1. Experiment:
An operation which can produce some welldefined outcomes is called an experiment.
2. Random Experiment:
An experiment in which all possible outcomes are know and the exact output cannot be predicted in advance, is called a random experiment.
Examples:
i. Rolling an unbiased dice.
ii. Tossing a fair coin.
iii. Drawing a card from a pack of wellshuffled cards.
iv. Picking up a ball of certain colour from a bag containing balls of different colours.
Details:
i. When we throw a coin, then either a Head (H) or a Tail (T) appears.
ii. A dice is a solid cube, having 6 faces, marked 1, 2, 3, 4, 5, 6 respectively. When we throw a die, the outcome is the number that appears on its upper face.
iii. A pack of cards has 52 cards.
It has 13 cards of each suit, name Spades, Clubs, Hearts and Diamonds.
Cards of spades and clubs are black cards.
Cards of hearts and diamonds are red cards.
There are 4 honours of each unit.
There are Kings, Queens and Jacks. These are all called face cards.
3. Sample Space:
When we perform an experiment, then the set S of all possible outcomes is called the sample space.
Examples:
In tossing a coin, S = {H, T}
If two coins are tossed, the S = {HH, HT, TH, TT}.
In rolling a dice, we have, S = {1, 2, 3, 4, 5, 6}.
4. Event:
Any subset of a sample space is called an event.
5. Probability of Occurrence of an Event:
Let S be the sample and let E be an event.
Then, E ⊆ S.
∴ P(E) = n(E)/n(S).
6. Results on Probability:
i. P(S) = 1
ii. 0 ≤ P(E) ≤ 1
iii. P(Φ) = 0
iv. For any events A and B we have : P(A ∪ B) = P(A) + P(B)  P(A ∩ B)
v. If Ā denotes (notA), then P(Ā) = 1  P(A).
1. 

Here S = {HH, HT, TH, TT}
Let E = event of getting at least one tail = {HT, TH, TT}
∴ P(E) = n(E)/n(S) = 3/4
2. 

Here S = {TTT, TTH, THT, HTT, THH, HTH, HHT, HHH}
Let E = event of getting at least two heads = {THH, HTH, HHT, HHH}
∴ P(E) = n(E)/n(S) = 4/8 = 1/2.
3. 

In two throws of a die, n(S) = (6 x 6) = 36
Let E = event of getting a sum 9 = {(3, 6), (4, 5), (5, 4), (6, 3)}
∴ P(E) = n(E)/n(S) = 4/36 = 1/9.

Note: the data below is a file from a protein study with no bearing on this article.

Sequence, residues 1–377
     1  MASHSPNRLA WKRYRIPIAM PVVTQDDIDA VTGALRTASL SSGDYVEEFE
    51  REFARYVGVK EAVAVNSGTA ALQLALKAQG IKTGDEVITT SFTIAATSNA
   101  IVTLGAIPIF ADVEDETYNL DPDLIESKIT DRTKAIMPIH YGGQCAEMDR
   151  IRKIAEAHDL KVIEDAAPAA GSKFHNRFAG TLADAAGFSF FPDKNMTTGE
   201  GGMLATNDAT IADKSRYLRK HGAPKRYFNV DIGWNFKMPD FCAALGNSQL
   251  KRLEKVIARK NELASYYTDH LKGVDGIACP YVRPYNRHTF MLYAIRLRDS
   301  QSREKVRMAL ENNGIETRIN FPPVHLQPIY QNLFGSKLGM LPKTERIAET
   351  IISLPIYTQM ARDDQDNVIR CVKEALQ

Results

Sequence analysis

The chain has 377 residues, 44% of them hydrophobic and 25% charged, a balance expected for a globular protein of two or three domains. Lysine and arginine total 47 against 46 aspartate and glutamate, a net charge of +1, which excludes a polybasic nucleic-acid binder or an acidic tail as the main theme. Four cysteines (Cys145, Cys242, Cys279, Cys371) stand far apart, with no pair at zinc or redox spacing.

4. 

Let S be the sample space. Then,
n(S) = 52C2 = (52 x 51)/(2 x 1) = 1326
Let E = event of getting 2 aces out of 4.
∴ n(E) = 4C2 = (4 x 3)/(2 x 1) = 6
∴ P(E) = n(E)/n(S) = 6/1326 = 1/221.
5. 

Let S be the sample space. Then,
n(S) = ^{52}C_{2} = (52 x 51)/(2 x 1) = 1326
Let E = event of getting 1 diamond and 1 heart.
∴ n(E) = number of ways of choosing 1 diamond out of 13 and 1 heart out of 13 = (^{13}C_{1} x ^{13}C_{1}) = (13 x 13) = 169.
∴ P(E) = n(E)/n(S) = 169/1326 = 13/102.
6. 

Let S be the sample space. Then,
n(S) = number of ways of drawing 3 marbles out of 12 ^{12}C_{3}
n(S) = (12 x 11 x 10)/(3 x 2 x 1) = 220
Let E be the event of drawing 3 marbles of the same color.
Then, E = event of drawing (3 balls out of 5) or (3 balls out of 4) or (3 balls out of 3)
⇒ n(E) = (^{5}C_{3} +^{ 4}C_{3} + ^{3}C_{3}) = (^{5}C_{2} + ^{4}C_{1} + 1) = [(5 x 4)/(2 x 1)] + 4 + 1 = 15
⇒ P(E) = n(E)/n(S) = 15/220 = 3/44.
∴ Required probability = (1 – 3/44) = 41/44.
7. 

Let S be the sample space. Then,
n(S) = number of ways of drawing 3 balls out of 15 = ^{15}C_{3} = (15 x 14 x 13)/(3 x 2 x 1) = 455.
Let E = event of getting all the 3 white balls.
∴ n(E) = ^{5}C_{3} = ^{5}C_{2} = (5 x 4)/(2 x 1) = 10.
∴ P(E) = n(E)/n(S) = 10/455 = 2/91.
8. 

Total number of balls = (2 + 3 + 2) = 7
Let S be the sample space. Then,
n(S) = number of ways of drawing 2 balls out of 7 = ^{7}C_{2} = (7 x 6)/(2 x 1) = 21.
Let E = event of drawing 2 balls, none of which is red.
∴ n(E) = number of ways of drawing 2 balls out of (2 + 3) balls
= ^{5}C_{2} = (5 x 4)/(2 x 1) = 10
∴ P(E) = n(E)/n(S) = 10/21.
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